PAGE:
So, after a week or so of religiously following the schedule and always putting him down awake (and picking up and putting down ad nauseam), he was still waking up multiple times in the night and I was even more sleep deprived than before because I wasn't 'allowed' to co-sleep.  The 'rules' don't tell you what to do in such circumstances and my resolve crumbled - I started to bring him back into bed with me at around 3am.  A vicious cold caused him to wake every 20 mins one night, knocking things off track a little further.  Then I totally buggered my back up (PUPD is a spine killer) and before I knew it, I was back in the habit of feeding him to sleep, then bringing him into bed with us when he woke in the night. 

For a while I left things like this - I felt a failure, but even if I was being woken up repeatedly by little feet kicking me in the stomach, or a little finger exploring my nostrils, at least I could stick him back on the boob, we could both go back to sleep fairly rapidly, and I didn't have to freeze my bum off sitting in a rocking chair for hours.  Breastfeeding is natural, co-sleeping is natural, Duckling was getting lots of milk and warmth and cuddles and avoiding the stress and heightened cortisol levels of being left to cry - it was all so easy and peaceful so did I REALLY need to sleep train?

Fast forward a couple of months, and with the prospect of returning to work and needing him to sleep for the childminder (no boob!), I decided I did.  I repeated the entire process again, complete with bad back and a nasty cold a week or so in, and achieved the same outcome - a brief improvement at the cost of my sanity, followed by an inevitable regression to the co-sleeping norm.  I remember slamming the phone down (well, angrily pressing the disconnect button) on Drake one night after Duckling had woken and interrupted our Skype conversation for the third time, because I was utterly furious that Drake was several hundred miles away, in his PJs and all ready for bed where he would get to sleep soundly, while I hadn't even had the chance to finish my dinner and was facing yet another night of traipsing back and forth to an ungrateful, screaming child's room.  He said later I sounded quite unhinged that evening, and unsurprisingly it wasn't long after that that I gave up sleep training for a second time.

So the cycle of desperation and failure has continued, though I can now add Controlled Crying to the list of sleep training fails too.  As Duckling had amazingly taught himself how to fall asleep, unaided, in his cot at the childminder's (little sod), I felt reasonably confident that he might be willing to do the same for me with a little encouragement and reassurance.  Not so - he howled until he could barely breathe / was nearly sick every time I left the room, and I ended up cuddling him then patting him to sleep. Whether this makes me a caring and compassionate mother, or a weak-willed pushover I can't quite decide.  Probably both.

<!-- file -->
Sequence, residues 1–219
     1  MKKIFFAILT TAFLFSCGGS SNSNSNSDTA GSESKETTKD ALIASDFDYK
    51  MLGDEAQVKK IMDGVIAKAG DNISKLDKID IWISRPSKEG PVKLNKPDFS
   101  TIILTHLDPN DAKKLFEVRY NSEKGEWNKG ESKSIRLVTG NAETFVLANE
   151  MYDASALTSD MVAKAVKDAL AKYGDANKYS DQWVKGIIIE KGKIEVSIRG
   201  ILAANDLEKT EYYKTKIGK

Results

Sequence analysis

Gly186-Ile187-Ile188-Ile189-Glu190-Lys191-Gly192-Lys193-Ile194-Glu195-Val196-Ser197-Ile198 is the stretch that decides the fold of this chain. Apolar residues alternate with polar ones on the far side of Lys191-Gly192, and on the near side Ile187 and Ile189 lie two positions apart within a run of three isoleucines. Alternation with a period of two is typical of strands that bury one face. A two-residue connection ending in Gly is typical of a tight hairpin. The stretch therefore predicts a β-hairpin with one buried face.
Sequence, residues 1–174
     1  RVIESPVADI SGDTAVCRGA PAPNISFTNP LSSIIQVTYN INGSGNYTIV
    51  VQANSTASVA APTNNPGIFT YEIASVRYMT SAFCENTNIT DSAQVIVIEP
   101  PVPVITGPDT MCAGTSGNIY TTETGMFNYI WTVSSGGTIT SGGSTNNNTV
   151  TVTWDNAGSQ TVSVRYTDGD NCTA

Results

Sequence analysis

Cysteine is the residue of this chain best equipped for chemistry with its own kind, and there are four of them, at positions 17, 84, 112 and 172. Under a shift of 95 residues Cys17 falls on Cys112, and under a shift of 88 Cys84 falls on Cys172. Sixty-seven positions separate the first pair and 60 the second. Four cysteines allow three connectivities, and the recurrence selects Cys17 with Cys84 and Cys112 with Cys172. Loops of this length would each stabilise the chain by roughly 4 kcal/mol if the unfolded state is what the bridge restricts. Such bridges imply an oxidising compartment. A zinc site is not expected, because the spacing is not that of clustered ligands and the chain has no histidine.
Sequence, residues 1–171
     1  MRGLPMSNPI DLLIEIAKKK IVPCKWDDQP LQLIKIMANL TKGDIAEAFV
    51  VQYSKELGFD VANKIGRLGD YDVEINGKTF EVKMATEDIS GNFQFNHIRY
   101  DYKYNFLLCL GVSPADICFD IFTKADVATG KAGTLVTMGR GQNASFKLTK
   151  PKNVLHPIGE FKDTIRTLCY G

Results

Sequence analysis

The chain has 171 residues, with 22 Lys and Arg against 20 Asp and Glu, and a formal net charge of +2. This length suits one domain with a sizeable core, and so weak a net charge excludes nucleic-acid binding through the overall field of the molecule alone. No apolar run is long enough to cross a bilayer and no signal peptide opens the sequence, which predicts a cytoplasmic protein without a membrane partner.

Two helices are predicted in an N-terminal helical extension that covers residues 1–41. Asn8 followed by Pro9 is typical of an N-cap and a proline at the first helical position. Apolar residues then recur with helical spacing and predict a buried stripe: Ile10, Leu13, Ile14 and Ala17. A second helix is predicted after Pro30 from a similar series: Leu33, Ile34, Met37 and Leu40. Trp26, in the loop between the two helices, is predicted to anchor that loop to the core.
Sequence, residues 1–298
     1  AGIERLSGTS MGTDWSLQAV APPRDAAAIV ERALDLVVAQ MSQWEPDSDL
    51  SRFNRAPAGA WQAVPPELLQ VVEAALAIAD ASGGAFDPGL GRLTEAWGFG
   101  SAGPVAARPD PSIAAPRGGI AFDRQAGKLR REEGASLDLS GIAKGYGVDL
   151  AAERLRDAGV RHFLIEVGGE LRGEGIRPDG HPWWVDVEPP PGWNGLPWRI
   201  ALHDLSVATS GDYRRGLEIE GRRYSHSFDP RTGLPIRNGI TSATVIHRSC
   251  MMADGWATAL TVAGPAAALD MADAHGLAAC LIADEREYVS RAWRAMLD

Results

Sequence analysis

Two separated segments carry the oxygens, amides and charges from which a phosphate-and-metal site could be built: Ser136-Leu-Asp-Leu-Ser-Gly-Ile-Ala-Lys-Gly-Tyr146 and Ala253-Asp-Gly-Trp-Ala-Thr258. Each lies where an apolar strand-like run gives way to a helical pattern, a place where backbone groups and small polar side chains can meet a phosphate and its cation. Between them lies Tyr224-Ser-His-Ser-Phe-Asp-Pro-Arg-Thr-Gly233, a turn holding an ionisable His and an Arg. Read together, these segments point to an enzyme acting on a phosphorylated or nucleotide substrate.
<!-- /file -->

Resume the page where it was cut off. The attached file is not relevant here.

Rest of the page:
I therefore remain thoroughly ambivalent and also quite resentful about sleep training.  I feel crap that I'm going against my basic childrearing beliefs in doing it, crap that I'm being so inconsistent and useless when I do do it and crap that it's become a necessity in the first place - books (damn books!) say that you need to let children learn to settle themselves at an early age by not responding to them immediately at every wake up. Pffft. Tried it so many times and it never, ever worked.

All this said, we have recently (whisper it!) made some progress - the last round of training means Duckling will now go to sleep IN HIS COT reasonably easily most nights, unless he's had a late afternoon nap and isn't tired enough yet.  I can't yet leave the room until he's reached a critical tipping point of sleepiness and his eyes have properly closed, or he'll leap up and wail.  At some point though, when he's not teething or ill - and he's both at the moment - I will work on him letting me leave the room before he falls asleep because I'm pretty certain that once he can do this, he'll be able to 'self settle' properly and will sleep through the night. And this time I will not fail! No siree! Victory shall be mine!

Oh who am I kidding?

2 comments:

  1. Oh, I sympathise! Both my boys were crap at sleeping, and one still is. With my first I was determined to crack the problem of him not staying in bed when put there, and using the method of one of the so-called experts, ended up putting him back into bed (no eye contact, no kisses, the lot) ONE HUNDRED AND SIXTY FOUR TIMES in one bedtime. I have never been the same (or sane) since. Obviously I have nothing useful to impart, as the sleeping whims of my children are still a bloody mystery to me. But good luck!

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    1. Thank you! Very good to know I'm not alone in being baffled by my child's sleeping habits. Can't wait for the "Yay I can get out of my bed!" stage! I'm not sure what's most impressive - that you managed to put your son back to bed 164 times or that you didn't lose count! Hope things have improved since...